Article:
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The Structure of the Ten Commandments

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Parashat Yitro describes the revelation at Mt. Sinai. It is a most overwhelming spectacle. The entire Jewish people are gathered around the mountain. Fire, thunder and lightning envelop the summit. It is on that occasion that we heard God speak to us directly: "God spoke to you face to face on the mountain, out of the midst of fire" (Devarim 5:4). As a national event, this "revelation" would never be repeated. What exactly did we hear? What did God say to us on that auspicious occasion? The Torah reports that we heard the famous Ten Commandments.

The Ten Commandments are maybe the best-known of all Jewish laws. They are perceived widely as a universal code of ethics. Within Judaism, they are one of the most prominent symbols of the faith, with the two tablets of stone engraved with the Ten Commandments adorning synagogues and other Jewish ritual objects. Clearly, the decalogue has a very central role. In this article, I would like to investigate certain aspects of this group of laws, namely, their unusual format and their unique message.


The Ten Commandments appear twice in the Torah; once in Shemot chapter 20 and again in Devarim chapter 5. They consist of the following commands:

1. Belief in God

2. The exclusion of belief in and service of other gods

3. Not to use the Divine name in an improper manner

4. Shabbat

5. Respect for parents

6. Not to murder

7. Not to commit adultery

8. Not to steal

9. False testimony in court

10. Not to covet the property or spouse of another person.

How does this list of laws hang together? What point is God making by choosing these laws in particular? What is its inner logic? The traditional Jewish division is to divide the ten into two lists of five. The division into two lists allows for the commandments to be split between the two tablets of stone.

"The Lord spoke these words ... to your whole congregation at the mountain ... He inscribed them on two tablets of stone." (Devarim 5:19)

Each list of five has a different theme. In the Ramban's concise definition (20:12):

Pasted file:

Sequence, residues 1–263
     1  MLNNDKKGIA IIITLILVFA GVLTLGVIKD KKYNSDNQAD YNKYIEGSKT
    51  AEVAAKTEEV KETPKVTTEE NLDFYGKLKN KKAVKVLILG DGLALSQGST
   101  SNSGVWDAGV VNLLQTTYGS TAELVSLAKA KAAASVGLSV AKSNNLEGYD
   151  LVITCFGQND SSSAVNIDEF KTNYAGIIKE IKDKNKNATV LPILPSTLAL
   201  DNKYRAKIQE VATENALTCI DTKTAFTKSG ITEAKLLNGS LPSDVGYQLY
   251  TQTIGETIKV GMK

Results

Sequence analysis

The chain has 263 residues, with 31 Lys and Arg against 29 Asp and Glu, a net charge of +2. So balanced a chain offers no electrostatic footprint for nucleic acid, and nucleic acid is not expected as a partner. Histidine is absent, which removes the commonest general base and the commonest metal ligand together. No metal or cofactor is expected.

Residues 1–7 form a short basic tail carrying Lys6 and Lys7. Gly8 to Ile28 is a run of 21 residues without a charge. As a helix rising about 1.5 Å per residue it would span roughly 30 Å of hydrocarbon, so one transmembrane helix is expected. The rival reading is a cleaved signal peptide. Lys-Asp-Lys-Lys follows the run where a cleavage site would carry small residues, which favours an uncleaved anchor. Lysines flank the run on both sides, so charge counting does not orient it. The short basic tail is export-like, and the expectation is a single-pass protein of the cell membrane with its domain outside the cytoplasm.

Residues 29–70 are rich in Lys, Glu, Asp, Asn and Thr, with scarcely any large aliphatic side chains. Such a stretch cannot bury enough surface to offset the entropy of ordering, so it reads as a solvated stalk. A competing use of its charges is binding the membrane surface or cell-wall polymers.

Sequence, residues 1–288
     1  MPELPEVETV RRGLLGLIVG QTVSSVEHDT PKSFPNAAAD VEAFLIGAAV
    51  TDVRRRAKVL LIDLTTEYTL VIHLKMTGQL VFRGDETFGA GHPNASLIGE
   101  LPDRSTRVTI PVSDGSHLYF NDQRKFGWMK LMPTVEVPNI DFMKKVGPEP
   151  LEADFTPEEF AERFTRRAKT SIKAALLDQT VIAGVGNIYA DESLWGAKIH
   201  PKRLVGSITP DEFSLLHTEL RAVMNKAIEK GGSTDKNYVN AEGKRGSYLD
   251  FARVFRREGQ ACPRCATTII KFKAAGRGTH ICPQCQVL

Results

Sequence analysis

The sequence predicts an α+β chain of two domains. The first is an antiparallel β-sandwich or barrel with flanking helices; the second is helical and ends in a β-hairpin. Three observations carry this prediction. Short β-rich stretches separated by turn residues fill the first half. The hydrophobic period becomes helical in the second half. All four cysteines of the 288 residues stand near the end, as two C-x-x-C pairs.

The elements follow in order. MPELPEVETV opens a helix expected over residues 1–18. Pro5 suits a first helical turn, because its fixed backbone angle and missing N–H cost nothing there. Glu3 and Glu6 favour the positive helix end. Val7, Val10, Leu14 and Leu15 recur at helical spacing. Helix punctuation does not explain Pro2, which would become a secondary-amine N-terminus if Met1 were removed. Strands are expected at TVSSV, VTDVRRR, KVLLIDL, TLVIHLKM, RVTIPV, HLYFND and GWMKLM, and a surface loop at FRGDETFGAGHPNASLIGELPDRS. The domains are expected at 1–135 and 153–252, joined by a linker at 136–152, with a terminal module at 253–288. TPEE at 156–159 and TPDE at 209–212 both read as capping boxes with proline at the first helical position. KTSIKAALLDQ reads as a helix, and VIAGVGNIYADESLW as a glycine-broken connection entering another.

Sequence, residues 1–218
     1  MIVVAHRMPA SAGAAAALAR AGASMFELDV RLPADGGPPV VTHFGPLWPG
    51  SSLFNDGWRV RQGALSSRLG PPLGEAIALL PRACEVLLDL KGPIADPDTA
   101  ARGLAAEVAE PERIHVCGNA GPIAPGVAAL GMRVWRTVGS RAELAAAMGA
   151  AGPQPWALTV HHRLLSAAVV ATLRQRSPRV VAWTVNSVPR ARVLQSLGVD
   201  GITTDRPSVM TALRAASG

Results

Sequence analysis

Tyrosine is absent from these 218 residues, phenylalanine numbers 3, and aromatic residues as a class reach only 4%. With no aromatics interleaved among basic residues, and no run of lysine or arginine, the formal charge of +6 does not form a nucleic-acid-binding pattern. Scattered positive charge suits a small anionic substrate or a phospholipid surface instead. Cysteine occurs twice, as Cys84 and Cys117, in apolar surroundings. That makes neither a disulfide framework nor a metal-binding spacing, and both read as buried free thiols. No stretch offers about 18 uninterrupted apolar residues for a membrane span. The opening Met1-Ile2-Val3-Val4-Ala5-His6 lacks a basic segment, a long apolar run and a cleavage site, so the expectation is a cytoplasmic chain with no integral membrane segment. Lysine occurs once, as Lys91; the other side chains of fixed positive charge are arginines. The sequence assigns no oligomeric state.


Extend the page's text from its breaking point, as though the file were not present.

"Of these Ten Commandments, five are for the honor of the Creator, and five are for the good of mankind."

For children brought up in a Jewish educational system this is the most elementary way to see the Ten Commandments, but when one thinks about it there are certain problems with this symmetrical division.

First, look into the Torah text and you will see that the first five commandments are lengthy and take up thirteen verses. In contrast, the last five are short statements which are concisely contained in two simple verses. This division is anything but symmetrical. One list is six times the length of the other! If they were to be written on two tablets, then one tablet would have to be far larger than the other, or the print much smaller. At any rate, they do not match at all. The five/five division has a certain imbalance to it. (Although this does not invalidate this method of dividing the commandments, it requires us to work harder in justifying this way of structuring this list of ten commandments.)

Secondly, as we have seen, this division rests on a THEMATIC basis. The two lists of five commands are two sides of the religion according to the Ramban. The decalogue divides into themes - five Godly laws and five social laws (bein adam la-Makom and bein adam le-chavero). But this thematic division is not entirely clear, for there would seem to be certain inconsistencies. In the first five - the God section - we have the command of respect for parents. Is this really a command directed to "the honor of the Creator?" This would seem to be a social law more than a command of belief! So does the thematic approach work?


The five/five division works both at a TEXTUAL level and as regards THEME or CONTENT. Let us explain. We mentioned the disparate sizes of the first five in comparison with the last five. But there are other textual differences. When we compare them in the Torah text, we realize that each section has a very different style.